Methods DNA extracted from stored frozen blood was analysed by whole exome sequencing (WES) from ten stone formers (three from each of three families and one from the fourth), and from three members from one kindred who had low excretion of urinary citrate, a stone risk factor. Sequence data were first cross-referenced against a panel of 367 candidate genes reported to be associated with stones, intermediate traits and renal function. Since nephrolithiasis is a relatively common condition, a minor allele frequency of less than or equal to 2% (MAF≤0.02) was applied to retain rare and low frequency variants. We then analysed all other variants from across the genome that were present in all three stone formers within each family that underwent WES. We applied aggressive filtering to this very large dataset. The relevance of each variant to stones was reviewed using the DISEASE database and extensive literature review, and those considered to be significant were prioritised. To examine the association of variants selected for each kindred with stones, they were tracked across the pedigree by Kaspar analysis of DNA from all family participants. [1] Results summary

1 Collectively 20 rare variants (polymorphisms) predicted in silico to be pathogenic and potentially relevant to urolithiasis were identified in the stone formers. Tracking studies for 9 variants showed poor segregation with stones arguing against (but not excluding) a role in stone formation.

  1. The clutch of variants was different for each family. 3. Surprisingly, the variants were not in genes which have been regarded as the main causes of stones. Most of them are unfamiliar to clinicians and scientists world-wide.

  2. To assess the likely significance of our prioritised variants, we obtained advice from the few groups world-wide with a research interest in the relevant genes. Researchers in Paris, Lille and the UK (Oxford, Cambridge and Sheffield) did preliminary functional analyses to help. However, none had the capacity to do more.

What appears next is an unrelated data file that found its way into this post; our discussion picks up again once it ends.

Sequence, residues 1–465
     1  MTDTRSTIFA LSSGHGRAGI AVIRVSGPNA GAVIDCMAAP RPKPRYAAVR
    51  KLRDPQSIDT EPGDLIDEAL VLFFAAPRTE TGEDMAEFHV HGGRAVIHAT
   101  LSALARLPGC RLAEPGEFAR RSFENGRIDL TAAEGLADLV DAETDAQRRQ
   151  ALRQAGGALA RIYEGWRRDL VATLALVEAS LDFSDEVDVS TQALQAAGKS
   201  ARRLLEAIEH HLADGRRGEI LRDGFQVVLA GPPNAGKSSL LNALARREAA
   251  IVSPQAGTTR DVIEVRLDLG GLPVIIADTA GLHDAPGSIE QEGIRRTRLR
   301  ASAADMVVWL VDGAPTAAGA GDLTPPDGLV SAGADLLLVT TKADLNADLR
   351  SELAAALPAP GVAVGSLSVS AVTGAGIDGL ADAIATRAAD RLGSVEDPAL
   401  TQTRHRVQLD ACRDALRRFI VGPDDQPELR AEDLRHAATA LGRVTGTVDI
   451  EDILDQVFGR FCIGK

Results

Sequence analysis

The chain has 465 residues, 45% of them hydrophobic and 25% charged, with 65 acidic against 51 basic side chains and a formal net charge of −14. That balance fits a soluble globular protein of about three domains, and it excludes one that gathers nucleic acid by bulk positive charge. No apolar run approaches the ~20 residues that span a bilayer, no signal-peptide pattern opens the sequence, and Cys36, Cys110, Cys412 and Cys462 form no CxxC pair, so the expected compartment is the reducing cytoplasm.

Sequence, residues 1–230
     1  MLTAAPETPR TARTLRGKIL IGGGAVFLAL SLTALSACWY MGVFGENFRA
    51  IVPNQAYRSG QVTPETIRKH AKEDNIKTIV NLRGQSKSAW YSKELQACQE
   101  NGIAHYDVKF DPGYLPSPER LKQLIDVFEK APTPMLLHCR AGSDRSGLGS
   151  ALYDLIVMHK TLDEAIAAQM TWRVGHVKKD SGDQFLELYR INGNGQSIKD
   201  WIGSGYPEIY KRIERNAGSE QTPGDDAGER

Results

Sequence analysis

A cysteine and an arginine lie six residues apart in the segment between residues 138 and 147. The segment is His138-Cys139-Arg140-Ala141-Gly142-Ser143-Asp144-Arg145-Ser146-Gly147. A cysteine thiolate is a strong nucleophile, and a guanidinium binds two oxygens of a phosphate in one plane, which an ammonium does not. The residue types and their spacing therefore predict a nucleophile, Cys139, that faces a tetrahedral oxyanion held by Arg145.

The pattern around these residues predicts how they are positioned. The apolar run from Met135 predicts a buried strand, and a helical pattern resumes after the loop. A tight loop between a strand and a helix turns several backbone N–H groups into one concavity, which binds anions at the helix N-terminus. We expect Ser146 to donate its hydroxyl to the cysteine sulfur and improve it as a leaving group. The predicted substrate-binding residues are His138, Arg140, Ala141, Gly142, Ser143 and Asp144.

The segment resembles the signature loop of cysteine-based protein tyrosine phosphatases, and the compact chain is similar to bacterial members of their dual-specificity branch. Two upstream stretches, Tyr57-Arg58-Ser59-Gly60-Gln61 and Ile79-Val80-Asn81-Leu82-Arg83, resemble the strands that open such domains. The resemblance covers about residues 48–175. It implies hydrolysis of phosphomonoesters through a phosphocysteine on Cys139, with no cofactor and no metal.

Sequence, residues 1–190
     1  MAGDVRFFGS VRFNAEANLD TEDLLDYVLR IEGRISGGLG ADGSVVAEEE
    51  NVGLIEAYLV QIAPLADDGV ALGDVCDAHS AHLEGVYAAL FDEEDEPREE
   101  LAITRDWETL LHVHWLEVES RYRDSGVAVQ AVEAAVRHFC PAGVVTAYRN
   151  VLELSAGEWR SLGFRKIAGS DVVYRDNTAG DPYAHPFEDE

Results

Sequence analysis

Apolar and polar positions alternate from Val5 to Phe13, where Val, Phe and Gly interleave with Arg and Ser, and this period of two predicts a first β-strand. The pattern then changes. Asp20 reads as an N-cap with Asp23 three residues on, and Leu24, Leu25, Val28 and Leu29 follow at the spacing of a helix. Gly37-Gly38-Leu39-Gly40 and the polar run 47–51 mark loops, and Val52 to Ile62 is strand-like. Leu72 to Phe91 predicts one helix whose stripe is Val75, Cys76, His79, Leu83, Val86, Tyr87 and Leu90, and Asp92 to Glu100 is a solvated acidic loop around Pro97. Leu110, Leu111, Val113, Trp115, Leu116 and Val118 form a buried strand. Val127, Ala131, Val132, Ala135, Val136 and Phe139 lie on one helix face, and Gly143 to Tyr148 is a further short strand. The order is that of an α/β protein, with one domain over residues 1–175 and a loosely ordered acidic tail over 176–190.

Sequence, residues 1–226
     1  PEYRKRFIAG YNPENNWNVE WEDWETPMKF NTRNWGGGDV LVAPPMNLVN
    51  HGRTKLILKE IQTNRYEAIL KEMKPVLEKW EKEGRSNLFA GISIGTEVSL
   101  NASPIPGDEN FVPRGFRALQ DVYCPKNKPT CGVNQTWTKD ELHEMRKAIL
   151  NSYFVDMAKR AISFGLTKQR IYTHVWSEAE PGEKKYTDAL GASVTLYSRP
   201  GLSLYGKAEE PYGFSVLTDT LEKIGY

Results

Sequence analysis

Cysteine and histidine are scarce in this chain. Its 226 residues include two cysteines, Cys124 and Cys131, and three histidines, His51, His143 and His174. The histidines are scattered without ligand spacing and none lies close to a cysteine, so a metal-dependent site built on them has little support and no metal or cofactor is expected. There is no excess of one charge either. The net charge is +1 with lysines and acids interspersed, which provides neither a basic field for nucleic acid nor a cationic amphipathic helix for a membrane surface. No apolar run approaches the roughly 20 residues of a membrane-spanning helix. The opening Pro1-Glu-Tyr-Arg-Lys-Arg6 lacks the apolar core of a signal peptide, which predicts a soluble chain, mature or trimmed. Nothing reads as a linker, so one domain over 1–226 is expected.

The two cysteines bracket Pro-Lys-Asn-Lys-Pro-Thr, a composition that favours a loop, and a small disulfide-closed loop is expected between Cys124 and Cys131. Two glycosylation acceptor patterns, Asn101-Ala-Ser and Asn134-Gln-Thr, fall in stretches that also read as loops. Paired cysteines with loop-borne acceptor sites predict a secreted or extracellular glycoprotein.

3. From the exome sequences one variant was reported as a pathogenic variant of TCAF2*, the gene for a protein that inactivates a plasma membrane calcium channel. This variant was ultimately demonstrated to be in an inactive pseudogene and not significant.

6 At the time of our study one variant, in the mitochondrial Mg-ATP transporter SLC25A25*, not previously identified in stone formers, was found in a large Italian family with stones. [1] 7. Stone formers with the SLC25A25 and MEPE* variants had phosphaturia. 8. No rare variants associated with low citrate excretion in the family investigated.

Conclusions i) Variations in a wide range of genes may contribute to stone formation; these occur in genes that we have not come across before. ii) Further laboratory studies are essential to investigate potentially important variants, but this is seldom achievable because of limited capacity world-wide to investigate the genes involved. iii) Results reported from exome screens are fallible - pseudogenes are one source of error. iv) Sharing findings between laboratories doing similar studies world-wide is crucial.

  • TCAF2 TRPM8 Channel-Associated Factor 2; SLC25A25 Solute Carrier Family 25 Member 25; MEPE matrix extracellular phosphoglycoprotein.

[1] Jabalameli MR, Fitzpatrick FM , Colombo R et al. Exome sequencing identifies a disease variant of the mitochondrial ATP-Mg/Pi carrier SLC25A25 in two families with kidney stones Mol Genet Genomic Med. 2021 Dec;9(12):e1749. doi: 10.1002/mgg3.1749.

Enrollment

47 patients

Sex

All

Ages

18+ years old

Volunteers

Accepts Healthy Volunteers

Inclusion and exclusion criteria

Inclusion Criteria:

  • Stone-forming families who participated in our 1998-2000 study
  • Apparent autosomal dominant inheritance of stones transmitted through one line of the family.
  • Calcium kidney stone formers.
  • Men and women aged 18 year or over.

Exclusion criteria.

  • A known hereditary cause of stones
  • Children under 18 years of age.
  • Uric acid stone formers.